BLOOMINGTON (Ill.) PANTAGRAPH
Feb. 12, 1950

Lincoln Lives On In Calendar Art 

Railroad Issues Series—20 Of Them Now 

By James Hart 

While the Lincolnian Literature grows apace, and tributes to the memory of the great American are poured forth annually, another notable project has been quietly developing in his home city of Springfield.  It is the series of art calendars issued yearly by the Chicago and Illinois Midland railroad, of which Fred L. Schrader is president.

 This calendar series, which has now reached 20 in number, is devoted exclusively to the Lincoln theme.  It was begun under the direction of Mr. Schrader’s predecessor, W. C. Hurst, who previously had been an executive of the Chicago and Alton, and was well known in Bloomington.

 The Chicago and Illinois Midland railroad serves the heart of the Lincoln country, as it runs through Petersburg and Menard county, near the site of the historic village of New Salem.  To the Lincoln minded officials of the road it seemed fitting to utilize their calendars to promote the Lincoln theme, as depicted amid the scenes where he was rising to greatness. 

Fletcher Ransom’s Work

Calendar art is usually monopolized by feminine loveliness and miscellaneous subjects, but in this case it has been made to serve a worth-while historical purpose.  In these calendars, distributed each year among the customers and friends of the railroad, the young Lincoln is the central figure, and quaint New Salem village forms the background.  Appended to each is a brief explanatory text supplied by competent Lincoln authorities, Paul M. Angle and Jay Monaghan. 

Mr. Schrader, a devoted Lincoln student, who has long been actively identified with the project, personally supervises the choice and planning of each calendar issue.  Of primary importance is the selection of the artists.  Only those of established reputation in their field have been entrusted with the commission.  Careful attention is given to every detail, so that each picture will be a faithful reproduction of the periods and locale.  The Gerlach-Barklow company of Joliet does the printing.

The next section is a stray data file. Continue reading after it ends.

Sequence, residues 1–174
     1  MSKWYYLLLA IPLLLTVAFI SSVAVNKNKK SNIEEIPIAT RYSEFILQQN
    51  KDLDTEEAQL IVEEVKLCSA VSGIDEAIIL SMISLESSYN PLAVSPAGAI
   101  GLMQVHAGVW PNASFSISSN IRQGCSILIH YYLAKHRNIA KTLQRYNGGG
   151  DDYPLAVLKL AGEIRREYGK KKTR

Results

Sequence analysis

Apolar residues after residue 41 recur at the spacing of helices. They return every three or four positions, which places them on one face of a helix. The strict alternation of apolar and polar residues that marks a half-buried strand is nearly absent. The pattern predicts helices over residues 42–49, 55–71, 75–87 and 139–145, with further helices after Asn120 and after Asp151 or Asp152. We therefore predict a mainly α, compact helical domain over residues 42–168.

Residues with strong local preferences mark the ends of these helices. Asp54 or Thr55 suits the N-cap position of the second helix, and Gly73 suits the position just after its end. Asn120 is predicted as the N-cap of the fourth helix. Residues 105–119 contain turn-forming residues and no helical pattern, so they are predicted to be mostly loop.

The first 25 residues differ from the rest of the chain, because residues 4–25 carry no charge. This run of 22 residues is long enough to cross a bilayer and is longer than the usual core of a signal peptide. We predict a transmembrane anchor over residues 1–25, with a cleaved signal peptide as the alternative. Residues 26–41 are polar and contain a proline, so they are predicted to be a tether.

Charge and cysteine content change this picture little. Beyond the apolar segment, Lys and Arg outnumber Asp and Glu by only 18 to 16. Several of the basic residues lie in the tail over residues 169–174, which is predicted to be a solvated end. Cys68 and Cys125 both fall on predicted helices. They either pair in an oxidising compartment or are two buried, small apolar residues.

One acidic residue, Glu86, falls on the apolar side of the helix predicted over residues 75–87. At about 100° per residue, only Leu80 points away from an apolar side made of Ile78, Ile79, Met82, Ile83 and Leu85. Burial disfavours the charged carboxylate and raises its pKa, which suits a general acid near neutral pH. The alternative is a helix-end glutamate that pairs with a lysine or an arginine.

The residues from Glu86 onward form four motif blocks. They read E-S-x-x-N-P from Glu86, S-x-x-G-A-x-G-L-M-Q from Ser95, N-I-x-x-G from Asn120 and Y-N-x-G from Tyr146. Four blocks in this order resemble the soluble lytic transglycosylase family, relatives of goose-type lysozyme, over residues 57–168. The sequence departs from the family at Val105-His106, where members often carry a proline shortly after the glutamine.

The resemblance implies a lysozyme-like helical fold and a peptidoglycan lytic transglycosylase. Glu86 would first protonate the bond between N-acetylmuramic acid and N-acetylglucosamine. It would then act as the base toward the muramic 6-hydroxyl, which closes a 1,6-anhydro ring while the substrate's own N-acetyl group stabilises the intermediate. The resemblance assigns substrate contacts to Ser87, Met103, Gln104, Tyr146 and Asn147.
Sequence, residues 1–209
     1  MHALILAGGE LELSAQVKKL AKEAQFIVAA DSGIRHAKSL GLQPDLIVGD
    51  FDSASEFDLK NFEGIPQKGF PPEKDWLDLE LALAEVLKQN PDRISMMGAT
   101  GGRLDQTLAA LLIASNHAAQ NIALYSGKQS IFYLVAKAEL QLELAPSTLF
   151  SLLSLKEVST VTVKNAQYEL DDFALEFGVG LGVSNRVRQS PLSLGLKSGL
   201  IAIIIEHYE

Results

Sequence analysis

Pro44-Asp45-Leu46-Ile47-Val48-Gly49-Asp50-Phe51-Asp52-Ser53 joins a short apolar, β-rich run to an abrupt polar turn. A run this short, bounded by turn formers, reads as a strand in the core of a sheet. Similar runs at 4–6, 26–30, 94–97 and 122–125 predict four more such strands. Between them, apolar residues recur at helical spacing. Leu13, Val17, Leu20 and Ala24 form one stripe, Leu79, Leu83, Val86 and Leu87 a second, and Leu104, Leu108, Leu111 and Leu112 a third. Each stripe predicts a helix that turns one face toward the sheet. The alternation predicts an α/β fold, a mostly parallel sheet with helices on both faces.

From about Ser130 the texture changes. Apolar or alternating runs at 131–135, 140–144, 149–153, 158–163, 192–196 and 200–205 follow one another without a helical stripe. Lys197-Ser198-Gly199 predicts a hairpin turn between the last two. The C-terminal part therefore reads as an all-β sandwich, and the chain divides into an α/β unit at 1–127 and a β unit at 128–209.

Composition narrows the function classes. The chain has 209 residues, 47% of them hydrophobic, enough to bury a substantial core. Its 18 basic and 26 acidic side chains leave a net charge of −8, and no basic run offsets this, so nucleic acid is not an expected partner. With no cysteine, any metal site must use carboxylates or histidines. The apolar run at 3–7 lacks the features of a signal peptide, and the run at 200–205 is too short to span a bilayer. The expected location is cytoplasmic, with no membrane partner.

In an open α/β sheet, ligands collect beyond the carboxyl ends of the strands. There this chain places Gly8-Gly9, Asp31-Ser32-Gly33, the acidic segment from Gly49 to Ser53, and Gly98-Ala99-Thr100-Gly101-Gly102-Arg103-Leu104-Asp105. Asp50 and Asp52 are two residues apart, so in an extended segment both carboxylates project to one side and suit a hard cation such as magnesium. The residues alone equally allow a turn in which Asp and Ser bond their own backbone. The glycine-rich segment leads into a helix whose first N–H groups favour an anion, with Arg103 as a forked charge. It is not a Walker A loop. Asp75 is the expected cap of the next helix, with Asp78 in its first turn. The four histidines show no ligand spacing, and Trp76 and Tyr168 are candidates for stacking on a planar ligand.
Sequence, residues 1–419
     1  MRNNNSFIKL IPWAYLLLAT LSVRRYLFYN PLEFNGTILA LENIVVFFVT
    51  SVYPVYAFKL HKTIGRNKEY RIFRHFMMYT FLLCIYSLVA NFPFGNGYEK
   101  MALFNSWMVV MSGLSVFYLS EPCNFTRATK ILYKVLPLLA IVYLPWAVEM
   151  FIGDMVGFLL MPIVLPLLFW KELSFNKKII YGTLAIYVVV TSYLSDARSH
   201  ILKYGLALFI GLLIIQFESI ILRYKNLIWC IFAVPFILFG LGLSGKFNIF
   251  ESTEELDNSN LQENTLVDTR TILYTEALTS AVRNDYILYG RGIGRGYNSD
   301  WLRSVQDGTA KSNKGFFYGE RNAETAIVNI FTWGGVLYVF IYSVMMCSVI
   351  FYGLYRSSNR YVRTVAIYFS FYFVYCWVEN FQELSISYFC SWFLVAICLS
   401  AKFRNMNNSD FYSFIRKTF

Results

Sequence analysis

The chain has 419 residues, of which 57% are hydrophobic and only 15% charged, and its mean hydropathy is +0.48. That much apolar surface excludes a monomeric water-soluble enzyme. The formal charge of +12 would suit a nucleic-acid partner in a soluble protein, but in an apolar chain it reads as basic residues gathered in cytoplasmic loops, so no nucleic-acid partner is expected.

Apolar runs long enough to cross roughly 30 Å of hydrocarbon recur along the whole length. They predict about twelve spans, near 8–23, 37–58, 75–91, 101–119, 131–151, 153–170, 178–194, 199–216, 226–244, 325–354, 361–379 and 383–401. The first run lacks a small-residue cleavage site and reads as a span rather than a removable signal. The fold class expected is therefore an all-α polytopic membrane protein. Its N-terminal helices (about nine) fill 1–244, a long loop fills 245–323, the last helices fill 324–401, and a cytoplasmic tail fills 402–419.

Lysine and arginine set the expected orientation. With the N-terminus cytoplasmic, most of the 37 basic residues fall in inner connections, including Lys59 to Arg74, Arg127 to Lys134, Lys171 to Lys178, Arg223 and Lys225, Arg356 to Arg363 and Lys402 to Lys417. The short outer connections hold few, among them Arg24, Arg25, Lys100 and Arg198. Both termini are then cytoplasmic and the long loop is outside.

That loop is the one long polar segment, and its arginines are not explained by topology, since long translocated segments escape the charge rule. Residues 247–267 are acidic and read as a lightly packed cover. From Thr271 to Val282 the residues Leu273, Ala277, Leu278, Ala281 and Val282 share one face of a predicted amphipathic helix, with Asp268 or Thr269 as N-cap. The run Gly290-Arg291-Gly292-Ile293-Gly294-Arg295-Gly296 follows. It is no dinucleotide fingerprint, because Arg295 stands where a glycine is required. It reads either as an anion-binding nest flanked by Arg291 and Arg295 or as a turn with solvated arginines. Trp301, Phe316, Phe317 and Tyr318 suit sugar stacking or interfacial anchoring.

Fletcher Ransom’s Work.

Fletcher Ransom, a noted magazine illustrator, turned out the first fourteen calendars, beginning with that of 1930, a beautiful painting of the Lincoln home in Springfield.  It was when New Salem became the dominant scene that the artists outdid themselves.  Here nature had provided a perfect setting with the Sangamon river and the mill, the woods and lanes, the cabins and shops.  Under the master touch of the artist’s brush, Lincoln is shown going about his varied activities. 

Ransom’s bold and vigorous strokes are seen in “Pioneer Transportation,” showing Lincoln maneuvering the flatboat past the mill-dam.  In “Lincoln, the Lawyer” he is trying his  first lawsuit over a pig before Squire Bowling Green.  “Pioneer Education” and “Lincoln the Soldier,” he is leading the New Salem volunteer company to the Black Hawk war.  In others he appears as surveyor, postmaster, and arbiter.  And “Farewell” has the newly-elected legislator in leave taking with Ann Rutledge, before his setting out for Vandalia. 

Newberry and Jones

When Mr. Ransom died in 1944,Lane K. Newberry took over the work.  Mr. Newberry had achieved distinction for his excellent paintings of historic Illinois buildings at Nauvoo and elsewhere.  His “Lincoln the Thinker” presents the subject in the characteristic attitude of study.  “Pioneer Industry” shows Lincoln going to work with the carding mill as background.  Another picture emphasizes the romantic angle with Abe and Ann seated in the Rutledge tavern. 

The calendars of the last three years are the work of Leonard Jones, a native of Springfield.  His additions to the series have been particularly appreciated among the sangamon county home folks.  His illustration for the latest 1950 calendar is ‘Lincoln the Pilor,” with the fabled steamer Talisman coming up the Sangamon.  His previous productions were “Lincoln the Campaigner,” and ‘Goin’ Fishin,” with Jack Kelso following his familiar role in the latter. 

Exhibited in Chicago

Each of the artists entered fully into the spirit of the assignment, and it would require an expert to appraise any technical differences of style.  One recognizes buildings as they appear in the reconstructed village, with the inhabitants in their pioneer garb of the 1830’s, and the tall youthful Abe Lincoln dominating figure in each painting.  The series provides an impressive and colorful panorama of New Salem history.  

Last year for 30 days the collection was on exhibit in the rooms of the Chicago Historical society, where it was viewed by thousands and drew many compliments for the Midland railway.  Such is the widespread interest, with each new calendar eagerly awaited, that Mr. Schrader plans to continue the series indefinitely.  For the New Salem episodes in Lincoln’s early life are by no means exhausted.